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Residents of one Plantsville neighborhood are scared for their pets and small children because coyotes have been seen wandering very close to homes.
Amy Malsheske is worried for her new puppy, Link. "Especially when you get up and let your dogs
out early in the morning. You are afraid that something is going to happen," she said.
Over the past few weeks, she and her neighbors around Nutmeg Drive in Plantsville have seen a pack of five coyotes wandering around and have been woken up by them in the middle of the night.
"It's a really high-pitched yip and they're altogether," Malsheske said.
Coyotes are not native to Connecticut, but several have been seen in the state over the last decade or so, according to the Department of Energy and Environmental Protection.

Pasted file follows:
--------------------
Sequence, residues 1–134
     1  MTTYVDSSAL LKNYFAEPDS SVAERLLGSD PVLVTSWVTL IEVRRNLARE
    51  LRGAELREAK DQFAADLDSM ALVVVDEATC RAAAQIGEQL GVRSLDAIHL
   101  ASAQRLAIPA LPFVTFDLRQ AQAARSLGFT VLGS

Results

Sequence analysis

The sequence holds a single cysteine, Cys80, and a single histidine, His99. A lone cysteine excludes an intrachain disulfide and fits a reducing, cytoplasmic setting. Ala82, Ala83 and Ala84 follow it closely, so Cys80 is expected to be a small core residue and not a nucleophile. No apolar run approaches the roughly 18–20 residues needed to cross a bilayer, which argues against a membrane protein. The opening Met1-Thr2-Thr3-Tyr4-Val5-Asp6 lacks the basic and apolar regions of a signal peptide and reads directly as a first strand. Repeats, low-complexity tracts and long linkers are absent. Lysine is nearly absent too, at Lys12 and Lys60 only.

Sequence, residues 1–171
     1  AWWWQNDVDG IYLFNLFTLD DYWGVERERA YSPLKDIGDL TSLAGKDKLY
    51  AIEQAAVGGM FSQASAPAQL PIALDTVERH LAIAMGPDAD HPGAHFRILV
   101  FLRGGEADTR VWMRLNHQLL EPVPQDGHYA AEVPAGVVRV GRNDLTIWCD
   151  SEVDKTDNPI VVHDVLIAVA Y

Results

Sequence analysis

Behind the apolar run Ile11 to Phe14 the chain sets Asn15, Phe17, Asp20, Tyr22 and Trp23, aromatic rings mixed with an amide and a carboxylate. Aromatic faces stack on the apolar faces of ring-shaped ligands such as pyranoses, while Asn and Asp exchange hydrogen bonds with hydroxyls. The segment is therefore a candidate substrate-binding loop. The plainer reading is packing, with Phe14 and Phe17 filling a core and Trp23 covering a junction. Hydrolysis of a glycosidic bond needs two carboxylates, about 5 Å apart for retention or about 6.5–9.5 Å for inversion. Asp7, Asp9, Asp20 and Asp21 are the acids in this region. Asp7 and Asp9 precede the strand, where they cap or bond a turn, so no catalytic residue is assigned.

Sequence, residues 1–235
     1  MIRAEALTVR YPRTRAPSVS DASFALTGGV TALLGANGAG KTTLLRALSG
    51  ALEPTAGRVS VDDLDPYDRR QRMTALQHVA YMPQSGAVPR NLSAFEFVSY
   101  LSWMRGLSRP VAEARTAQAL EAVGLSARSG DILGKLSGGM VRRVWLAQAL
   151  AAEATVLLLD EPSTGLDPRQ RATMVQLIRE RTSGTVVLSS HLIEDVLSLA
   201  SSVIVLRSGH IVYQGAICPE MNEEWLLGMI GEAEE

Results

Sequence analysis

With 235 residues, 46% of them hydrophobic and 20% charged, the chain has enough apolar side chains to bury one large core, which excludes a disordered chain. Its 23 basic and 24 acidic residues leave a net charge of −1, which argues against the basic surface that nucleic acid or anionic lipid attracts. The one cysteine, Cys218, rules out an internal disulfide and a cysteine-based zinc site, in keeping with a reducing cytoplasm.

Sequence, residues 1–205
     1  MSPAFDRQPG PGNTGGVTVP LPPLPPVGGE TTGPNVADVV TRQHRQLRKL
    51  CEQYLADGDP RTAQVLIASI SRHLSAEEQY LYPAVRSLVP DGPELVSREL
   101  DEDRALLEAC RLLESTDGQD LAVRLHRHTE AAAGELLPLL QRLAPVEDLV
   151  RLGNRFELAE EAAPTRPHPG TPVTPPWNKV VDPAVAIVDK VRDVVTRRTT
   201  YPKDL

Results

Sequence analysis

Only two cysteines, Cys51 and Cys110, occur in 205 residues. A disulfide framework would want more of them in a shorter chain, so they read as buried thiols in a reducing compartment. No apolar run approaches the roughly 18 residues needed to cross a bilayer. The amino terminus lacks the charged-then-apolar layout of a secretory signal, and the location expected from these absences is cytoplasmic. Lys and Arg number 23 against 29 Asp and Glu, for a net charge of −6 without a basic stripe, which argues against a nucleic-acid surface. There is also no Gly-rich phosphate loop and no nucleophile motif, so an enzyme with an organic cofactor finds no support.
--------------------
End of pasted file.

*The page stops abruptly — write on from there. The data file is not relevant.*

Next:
"We see more coyotes overall throughout the state and they have been increasing over the last several years as coyotes have moved from the Midwestern states to the Eastern states," Rick Jacobson, director of wildlife for DEEP, said.
But Jacobson said that unless the coyotes attack a human, the state can't do much.
Still, there are things you can do to protect your pets.
"Don't leave them outside in backyards with invisible fences, because, remember the coyotes don't have shock collars on," Jacobson said.
Keep your pets on a leash outside and don't let them out at night, he advised.
Small children can look like pets to a coyote, so keep an eye on your kids when they are outside.
And to keep coyotes away from your house, tie up and secure garbage, don't leave pet food out and clean up fruit that has fallen from trees.
If you do encounter coyotes, make a lot of noise. Coyotes are scared of humans and likely won't stick around.